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working in the studio


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Just wanted to know some other peoples experiences working in the studio. Did you make the producer/engineer happy? How do you critique yourself listening back to the tracks you played? Are you a perfectionist? or take a more casual approach to what you think is a good track.
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We're just getting started on our studio project...but, basically, we put Doug (our drum dude) on the spot, as is usual, right off, with scratch guitar and as much bass as possible.


Then we took a break (I mean like a few days or a week or two) to listen to the tracks, and critiqued which were keepers and which were canners. Then we'll add the rest of the parts. Being as I feel the drums are about the most important part, 'cause they make or break whether a song "feels" right or not, I'm pretty picky, but I'm laid back at the same time, as I don't think a billion takes (and the resultant undue pressure) can make for a good track.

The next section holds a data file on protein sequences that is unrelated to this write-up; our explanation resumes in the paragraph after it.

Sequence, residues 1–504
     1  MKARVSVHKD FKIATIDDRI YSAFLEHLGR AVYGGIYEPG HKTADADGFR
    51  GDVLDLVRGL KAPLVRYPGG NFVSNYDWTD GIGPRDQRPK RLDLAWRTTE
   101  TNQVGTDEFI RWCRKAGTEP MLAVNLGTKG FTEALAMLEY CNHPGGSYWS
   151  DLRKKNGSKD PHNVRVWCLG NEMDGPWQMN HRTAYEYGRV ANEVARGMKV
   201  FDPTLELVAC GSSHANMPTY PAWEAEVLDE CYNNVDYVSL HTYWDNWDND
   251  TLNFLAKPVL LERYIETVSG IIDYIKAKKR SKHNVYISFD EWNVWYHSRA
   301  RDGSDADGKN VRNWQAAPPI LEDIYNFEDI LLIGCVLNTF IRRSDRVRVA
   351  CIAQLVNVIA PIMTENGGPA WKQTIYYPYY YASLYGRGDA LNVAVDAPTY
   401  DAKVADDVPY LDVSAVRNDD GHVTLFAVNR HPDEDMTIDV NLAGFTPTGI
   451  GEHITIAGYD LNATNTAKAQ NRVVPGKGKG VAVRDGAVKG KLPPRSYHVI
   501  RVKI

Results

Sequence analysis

"Cisco Kid, was a friend of mine"
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I find it very relaxing and fun. I used to get red light fright back in college when we started really getting into it but now I look forward to it. I love recording my own stuff than playing live.


Since I'm not a pro I don't have to be under the gun. I find that when more people bitch and tell me how to play I submit dry and tentative performances.


Just do it as much as possible. Some sessions my groove is incredible some times my groove is well, definitely not incredible. For me it's a state of mind. I always look at recording as a snapshot of that particular moment in time. You don't always take a great picture do you? If nothing is obviously wrong, we leave it go. Personality in music is a good thing-in my opinion *notice disclaimer.

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  • 3 weeks later...

Of course ... Nashville is somewhat different, but that is because of the circle of players that dominate the studios ... be it "A" players or "B" players.


If you are on the "A" list, you are expected to make the track the first take! If you are a "B" player, you usually get two.


Those of us that fall outside of those first two categories usually are dealing with smaller demo projects where there is time to talk a song through and determine what it is that the person is truly searching for.


Most of the guys that I know that fall in the A or B list, usually go in and due to the tremendous playing time they have logged, they know from listening to a scratch demo less drums ... what exactly to play. It always amazes me!


I guess that is why I perform more live dates than studio dates!



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